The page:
Parenting Tips Newsletter
Letter from the author
to letter from Bob Collier, author of ADHD-report.com
Thank you for taking time to sort out your thoughts on this issue. I would do well to follow your example and set aside time each day for simple reflection...
I myself have often struggled with Dr Baughman's hard line stance against
ADHD. Not that I disagree with him,
it's just that his firmness seems... well, rather harsh, especially to
the parent who is struggling to maintain control of a child who is bouncing
off the walls with unconstrained energy.
Let's face it - parents usually take pride in their offspring, and right or wrong, we derive satisfaction from our children who fit neatly into our preconceived notion of what "good", "happy" and "well-adjusted" children should be. When our children don't measure up to the standards we have set, and increasingly these days, when they don't measure up to the standards that others have set for them, we face a conflict.
All of these attempts at understanding why certain children don't quite
fit into the mold that society has patterned for them, all attempts to
bring them into conformity - are really only attempts to resolve that
It is now past time that we organize to dismantle this ill-conceived effort to control unacceptable behavior with dangerous drugs, but even if we are able to accomplish this, we have not addressed the question of what CAN be done to resolve the conflict.
It is time each one of us who cares even one whit about the welfare of children, addresses that simple, yet profound question - what is truly best for the child?
Certainly, drugging a child into conformity is not the answer.
I agree with your statement:
"What there IS, is a range of behaviours of various origins that may or may not be a genuine problem, but where they ARE a genuine problem, do need to be responded to in some (hopefully positive) way."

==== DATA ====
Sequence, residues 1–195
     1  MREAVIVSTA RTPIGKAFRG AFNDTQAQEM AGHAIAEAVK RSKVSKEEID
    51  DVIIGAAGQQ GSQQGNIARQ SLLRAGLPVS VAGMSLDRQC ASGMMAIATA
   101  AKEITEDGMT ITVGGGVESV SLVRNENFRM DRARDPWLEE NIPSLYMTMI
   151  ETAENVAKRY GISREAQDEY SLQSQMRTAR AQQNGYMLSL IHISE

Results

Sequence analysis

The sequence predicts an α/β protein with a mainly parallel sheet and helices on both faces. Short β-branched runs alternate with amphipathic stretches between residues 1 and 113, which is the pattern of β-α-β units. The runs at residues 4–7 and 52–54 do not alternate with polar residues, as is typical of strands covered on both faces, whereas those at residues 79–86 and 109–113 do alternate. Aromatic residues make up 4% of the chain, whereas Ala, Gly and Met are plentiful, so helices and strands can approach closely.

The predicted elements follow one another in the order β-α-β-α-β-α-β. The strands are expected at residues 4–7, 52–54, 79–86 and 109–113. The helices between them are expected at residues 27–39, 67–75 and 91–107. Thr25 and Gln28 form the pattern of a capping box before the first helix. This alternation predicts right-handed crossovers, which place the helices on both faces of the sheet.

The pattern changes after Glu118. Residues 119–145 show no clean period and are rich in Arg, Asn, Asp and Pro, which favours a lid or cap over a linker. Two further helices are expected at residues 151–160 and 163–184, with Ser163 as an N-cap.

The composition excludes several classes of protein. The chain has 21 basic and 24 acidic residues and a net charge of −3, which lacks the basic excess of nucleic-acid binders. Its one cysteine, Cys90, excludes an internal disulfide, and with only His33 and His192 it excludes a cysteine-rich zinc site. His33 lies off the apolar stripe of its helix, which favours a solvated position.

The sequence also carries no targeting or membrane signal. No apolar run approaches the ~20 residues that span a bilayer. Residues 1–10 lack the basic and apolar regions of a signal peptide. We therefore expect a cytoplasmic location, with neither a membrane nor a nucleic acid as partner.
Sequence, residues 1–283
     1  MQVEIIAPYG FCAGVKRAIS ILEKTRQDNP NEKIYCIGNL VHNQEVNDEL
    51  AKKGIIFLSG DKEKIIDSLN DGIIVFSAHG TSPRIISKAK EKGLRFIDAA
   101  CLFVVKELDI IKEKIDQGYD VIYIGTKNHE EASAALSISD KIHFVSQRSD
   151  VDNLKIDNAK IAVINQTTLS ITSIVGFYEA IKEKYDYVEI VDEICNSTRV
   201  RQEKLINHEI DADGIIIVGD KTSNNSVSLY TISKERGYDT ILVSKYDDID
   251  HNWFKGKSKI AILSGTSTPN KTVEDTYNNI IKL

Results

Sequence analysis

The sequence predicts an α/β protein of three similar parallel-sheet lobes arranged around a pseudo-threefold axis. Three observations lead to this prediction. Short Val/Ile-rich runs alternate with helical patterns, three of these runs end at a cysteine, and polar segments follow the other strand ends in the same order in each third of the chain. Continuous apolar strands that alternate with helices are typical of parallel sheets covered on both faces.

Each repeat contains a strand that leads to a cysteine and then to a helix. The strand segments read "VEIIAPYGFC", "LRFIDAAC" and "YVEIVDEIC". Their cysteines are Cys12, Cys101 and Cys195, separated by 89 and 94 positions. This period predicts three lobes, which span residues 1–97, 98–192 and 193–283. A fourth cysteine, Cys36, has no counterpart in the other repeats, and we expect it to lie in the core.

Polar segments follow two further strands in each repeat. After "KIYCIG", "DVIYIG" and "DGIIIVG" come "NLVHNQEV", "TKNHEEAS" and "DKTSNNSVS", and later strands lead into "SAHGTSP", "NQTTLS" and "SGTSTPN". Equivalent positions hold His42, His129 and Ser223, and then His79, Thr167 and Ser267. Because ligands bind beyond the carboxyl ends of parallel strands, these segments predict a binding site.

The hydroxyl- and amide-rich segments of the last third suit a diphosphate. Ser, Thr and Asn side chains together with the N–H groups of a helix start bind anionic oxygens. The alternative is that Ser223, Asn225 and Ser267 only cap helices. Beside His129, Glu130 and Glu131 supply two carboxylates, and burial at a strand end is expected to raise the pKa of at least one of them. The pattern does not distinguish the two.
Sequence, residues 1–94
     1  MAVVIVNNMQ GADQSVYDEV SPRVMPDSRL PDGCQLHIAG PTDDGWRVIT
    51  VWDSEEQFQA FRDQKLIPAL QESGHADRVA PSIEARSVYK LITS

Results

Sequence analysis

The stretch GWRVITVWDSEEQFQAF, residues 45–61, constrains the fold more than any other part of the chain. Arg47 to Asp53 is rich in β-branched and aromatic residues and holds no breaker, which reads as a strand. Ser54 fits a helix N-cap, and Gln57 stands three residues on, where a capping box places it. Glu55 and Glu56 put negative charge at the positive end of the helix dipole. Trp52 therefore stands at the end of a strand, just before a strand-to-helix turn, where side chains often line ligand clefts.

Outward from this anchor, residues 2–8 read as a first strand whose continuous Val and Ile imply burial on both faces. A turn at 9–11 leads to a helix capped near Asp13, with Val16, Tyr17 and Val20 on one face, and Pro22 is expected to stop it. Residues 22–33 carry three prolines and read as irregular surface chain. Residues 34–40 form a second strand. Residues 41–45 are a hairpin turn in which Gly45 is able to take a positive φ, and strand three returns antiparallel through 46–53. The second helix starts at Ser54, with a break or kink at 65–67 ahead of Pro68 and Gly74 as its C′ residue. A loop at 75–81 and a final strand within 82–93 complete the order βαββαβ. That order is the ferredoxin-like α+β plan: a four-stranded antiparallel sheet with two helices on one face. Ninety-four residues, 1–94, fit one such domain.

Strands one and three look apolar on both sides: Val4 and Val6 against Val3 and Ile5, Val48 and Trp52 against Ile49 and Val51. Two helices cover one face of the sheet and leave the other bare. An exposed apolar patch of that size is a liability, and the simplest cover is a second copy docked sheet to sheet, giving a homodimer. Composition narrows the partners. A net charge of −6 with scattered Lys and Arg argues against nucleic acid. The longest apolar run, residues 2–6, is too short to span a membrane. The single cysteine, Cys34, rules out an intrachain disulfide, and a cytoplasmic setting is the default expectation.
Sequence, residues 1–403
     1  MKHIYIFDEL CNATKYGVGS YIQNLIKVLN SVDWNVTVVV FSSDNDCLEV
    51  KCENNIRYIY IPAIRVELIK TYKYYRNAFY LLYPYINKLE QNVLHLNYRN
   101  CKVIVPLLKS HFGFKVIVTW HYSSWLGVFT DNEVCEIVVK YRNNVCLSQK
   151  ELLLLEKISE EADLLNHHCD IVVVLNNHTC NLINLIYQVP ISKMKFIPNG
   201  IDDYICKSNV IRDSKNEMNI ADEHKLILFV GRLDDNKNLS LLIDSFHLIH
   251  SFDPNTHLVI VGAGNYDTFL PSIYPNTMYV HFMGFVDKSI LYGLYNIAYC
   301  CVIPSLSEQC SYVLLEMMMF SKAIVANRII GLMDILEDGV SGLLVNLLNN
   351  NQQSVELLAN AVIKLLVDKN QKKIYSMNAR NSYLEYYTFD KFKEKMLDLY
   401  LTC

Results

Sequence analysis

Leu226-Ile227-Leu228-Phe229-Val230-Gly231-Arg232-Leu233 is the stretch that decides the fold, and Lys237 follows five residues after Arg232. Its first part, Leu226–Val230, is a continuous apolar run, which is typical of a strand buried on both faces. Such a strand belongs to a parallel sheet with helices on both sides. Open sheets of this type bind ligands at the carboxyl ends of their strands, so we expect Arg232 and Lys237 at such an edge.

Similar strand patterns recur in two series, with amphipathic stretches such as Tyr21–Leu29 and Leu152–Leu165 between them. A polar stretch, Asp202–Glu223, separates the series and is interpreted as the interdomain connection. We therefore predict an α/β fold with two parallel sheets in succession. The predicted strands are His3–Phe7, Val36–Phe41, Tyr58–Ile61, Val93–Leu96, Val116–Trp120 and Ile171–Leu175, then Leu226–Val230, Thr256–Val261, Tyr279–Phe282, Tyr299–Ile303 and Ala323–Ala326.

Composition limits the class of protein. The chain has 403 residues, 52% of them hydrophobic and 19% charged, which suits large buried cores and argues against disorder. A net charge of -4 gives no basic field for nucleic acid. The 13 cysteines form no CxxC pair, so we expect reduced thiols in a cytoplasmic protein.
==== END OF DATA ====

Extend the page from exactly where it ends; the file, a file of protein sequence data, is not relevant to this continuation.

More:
Children's behavior IS problematic at times - no question about that. When Johnny insists on biting Mark because he doesn't like Mark, when McKenzie climbs on top of her desk, rather than choosing to sit in her seat (and in so doing, encourages Allie to do the same!) well, those are behaviors that most would agree are problematic, and need to be dealt with. But certainly not with schedule II controlled substances!
Careful observation of the child is usually sufficient to understand what is causing the "problem", and interventions can then be used to modify behavior - addressing the overall health of the child (has the child's vision and hearing been tested? Have they been afforded enough time for play?), time tested child development practices (don't say "No", and then give in at the child's resistance or even when your patience runs out), and attention to diet (did you really observe how much sugar was in Chrissy's bowl of cereal?). These are all considerations amongst the many that can lead to positive interventions.
There is no doubt in my mind that if as much time, money and energy were spent on advocating the many time-tested, positive, non-invasive, non-commercial methods of behavior modification that are already readily available, (as compared with how much time, money and energy is spent on promoting drugs as the answer)- with an emphasis on TRAINING THE PARENT FIRST, and secondly on the child, we could banish the absolutely absurd, made-up, 100% fraudulent diagnosis of ADHD, and we'd have a world filled with happy, successful children! (not to mention happy, beaming parents!)
Sooo.... I guess what I've said is that I agree that ADHD does not really
exist in the context that clever marketing gurus would like us to believe,
but rather it is simply a label, fashioned to capture myriad behaviors
that most would agree are problematic.
Best to all,
ADHD-Report.com: The concerned parents' guide to childrens' attention-deficit hyperactivity disorder (ADHD/ADD)